Hurricane Maria devastated Puerto Rico, leaving death and destruction in its wake that island residents are still facing today. But one bright spot in this devastation was the efforts of the staff at the Puerto Rico State Elections Commission.
“Our headquarters building sustained significant damage and several of our satellite offices were damaged as well. The entire IT infrastructure and electronic components of the Elections Commission were affected to various degrees,” says Roberto E. Benítez, Chief Information Officer of Oficina de Sistemas de Información y Procesamiento Electrónico (OSIPE) for the Puerto Rico State Elections Commission.
Benítez knew he needed to get people back to work. With much of the headquarters damaged, he moved 10 floors of offices into one suitable floor with minimal impact from the hurricane. They shut off the breakers to all other floors and managed to focus power to the new operations floor, which allowed them electricity for about 10 hours a day. As a result, one week after the hurricane, the headquarters network was operational.
During the following week, they opened 15 satellite offices out of 88 around the island to offer some limited services. Since some had direct or alternate power, and most of the fiber optic data-lines were not affected, they decided to turn these satellite offices into “Oases” where citizens could receive food, aid and communications services. They opened public Wi-Fi communications at every available facility with connectivity to help people communicate with family and access assistance for state government services and electronically file FEMA claims.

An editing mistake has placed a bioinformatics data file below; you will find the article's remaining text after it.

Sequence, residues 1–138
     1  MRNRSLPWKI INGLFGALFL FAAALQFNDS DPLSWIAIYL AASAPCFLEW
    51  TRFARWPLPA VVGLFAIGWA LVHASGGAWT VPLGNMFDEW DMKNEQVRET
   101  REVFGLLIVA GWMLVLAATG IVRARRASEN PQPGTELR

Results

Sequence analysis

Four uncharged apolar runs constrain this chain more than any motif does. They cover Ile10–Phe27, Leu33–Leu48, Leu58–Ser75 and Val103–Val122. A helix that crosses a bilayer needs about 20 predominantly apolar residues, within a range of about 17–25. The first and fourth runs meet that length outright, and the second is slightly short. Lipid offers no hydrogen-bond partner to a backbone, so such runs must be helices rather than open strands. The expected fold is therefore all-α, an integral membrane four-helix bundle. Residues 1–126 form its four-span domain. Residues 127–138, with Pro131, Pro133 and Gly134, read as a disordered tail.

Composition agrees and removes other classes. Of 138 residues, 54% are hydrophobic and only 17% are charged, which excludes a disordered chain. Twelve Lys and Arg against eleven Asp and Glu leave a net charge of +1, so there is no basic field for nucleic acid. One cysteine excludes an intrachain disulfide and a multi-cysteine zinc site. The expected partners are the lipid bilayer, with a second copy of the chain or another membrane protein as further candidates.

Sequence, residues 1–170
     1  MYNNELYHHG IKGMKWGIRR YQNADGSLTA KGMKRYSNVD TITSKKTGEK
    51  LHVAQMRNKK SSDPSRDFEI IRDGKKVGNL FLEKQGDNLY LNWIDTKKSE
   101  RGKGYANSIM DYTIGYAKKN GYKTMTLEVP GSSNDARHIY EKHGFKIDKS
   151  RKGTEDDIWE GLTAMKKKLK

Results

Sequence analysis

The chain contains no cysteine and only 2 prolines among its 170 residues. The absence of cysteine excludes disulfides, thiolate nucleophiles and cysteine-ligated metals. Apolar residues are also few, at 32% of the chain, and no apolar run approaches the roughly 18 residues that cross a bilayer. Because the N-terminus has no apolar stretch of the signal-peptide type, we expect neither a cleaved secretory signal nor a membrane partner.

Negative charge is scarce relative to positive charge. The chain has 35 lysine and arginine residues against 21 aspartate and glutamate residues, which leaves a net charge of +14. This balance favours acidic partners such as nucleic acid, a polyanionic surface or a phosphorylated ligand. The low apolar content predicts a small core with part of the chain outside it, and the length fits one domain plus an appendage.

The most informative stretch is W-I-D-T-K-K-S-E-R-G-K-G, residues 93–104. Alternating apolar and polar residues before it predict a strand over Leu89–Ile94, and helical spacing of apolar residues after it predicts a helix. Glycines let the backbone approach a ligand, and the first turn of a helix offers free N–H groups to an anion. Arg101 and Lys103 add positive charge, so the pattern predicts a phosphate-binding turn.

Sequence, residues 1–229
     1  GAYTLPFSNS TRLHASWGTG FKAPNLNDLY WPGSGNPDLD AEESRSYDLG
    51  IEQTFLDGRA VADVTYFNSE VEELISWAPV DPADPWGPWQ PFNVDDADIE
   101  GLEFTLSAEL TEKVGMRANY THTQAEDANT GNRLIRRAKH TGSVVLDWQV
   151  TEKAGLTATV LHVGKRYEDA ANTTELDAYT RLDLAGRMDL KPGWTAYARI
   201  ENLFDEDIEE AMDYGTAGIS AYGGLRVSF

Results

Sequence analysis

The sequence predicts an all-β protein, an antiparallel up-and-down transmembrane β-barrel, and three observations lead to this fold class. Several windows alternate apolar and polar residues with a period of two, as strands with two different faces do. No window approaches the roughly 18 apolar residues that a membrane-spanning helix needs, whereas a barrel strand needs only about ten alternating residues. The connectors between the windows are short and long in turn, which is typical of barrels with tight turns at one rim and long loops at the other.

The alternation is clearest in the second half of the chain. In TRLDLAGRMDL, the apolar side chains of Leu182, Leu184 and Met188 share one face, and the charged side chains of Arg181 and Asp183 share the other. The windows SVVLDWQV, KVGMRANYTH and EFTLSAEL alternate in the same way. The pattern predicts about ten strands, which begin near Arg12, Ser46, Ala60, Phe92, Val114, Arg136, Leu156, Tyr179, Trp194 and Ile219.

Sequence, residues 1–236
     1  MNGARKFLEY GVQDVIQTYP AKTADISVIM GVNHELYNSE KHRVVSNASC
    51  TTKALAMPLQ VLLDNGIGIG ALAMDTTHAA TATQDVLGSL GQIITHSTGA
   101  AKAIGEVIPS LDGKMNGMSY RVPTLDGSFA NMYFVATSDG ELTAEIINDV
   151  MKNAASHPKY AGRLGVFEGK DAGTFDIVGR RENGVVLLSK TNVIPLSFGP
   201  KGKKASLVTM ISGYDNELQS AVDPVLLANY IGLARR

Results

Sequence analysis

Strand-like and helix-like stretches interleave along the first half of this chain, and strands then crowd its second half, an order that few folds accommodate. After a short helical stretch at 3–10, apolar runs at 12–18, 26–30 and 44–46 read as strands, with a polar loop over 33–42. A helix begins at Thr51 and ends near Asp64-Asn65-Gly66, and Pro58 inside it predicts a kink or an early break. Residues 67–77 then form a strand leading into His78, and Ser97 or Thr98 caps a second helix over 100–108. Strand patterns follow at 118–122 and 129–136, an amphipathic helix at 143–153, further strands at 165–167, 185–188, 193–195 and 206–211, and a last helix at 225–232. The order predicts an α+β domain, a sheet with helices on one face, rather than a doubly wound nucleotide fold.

“In the aftermath of Hurricane Maria, the Elections Commission facilities were able to bring some level of comfort, assurance and hope to communities around the island,” said Benítez.
The primary network infrastructure was also affected by the lack of cooling and power, but due to the Elections Commission’s aggressive preparation efforts, they had enough redundancies and plans to ensure they could safeguard information and provide services as soon as feasible.
Equipment storage was another matter. The storage facility for voting machines went without power and air conditioning for over five months. High heat and humidity created prime mold and rust conditions and lack of clean, uninterrupted power affected their ability to perform proper maintenance on all machines. Once electric power was restored, they began a massive reconditioning campaign of the electronic tabulators. During their efforts, they found battery flaws doubled from normal operation wear. The increase was from an average of 5 percent under normal conditions, to 11 percent after Hurricane Maria. With 6,075 machines, that’s 688 with battery issues at approximately $200 a battery. Their supplier was on the ground, helping them out, and is still working to ensure systems are operational by 2020.
Benítez says they are grateful for the efficient response from the Elections Commission operations and technical teams with the voting equipment, which decreased the catastrophic impact of Hurricane Maria. These efforts freed necessary capital for improvements and hardening, rather than repair and reconstruction.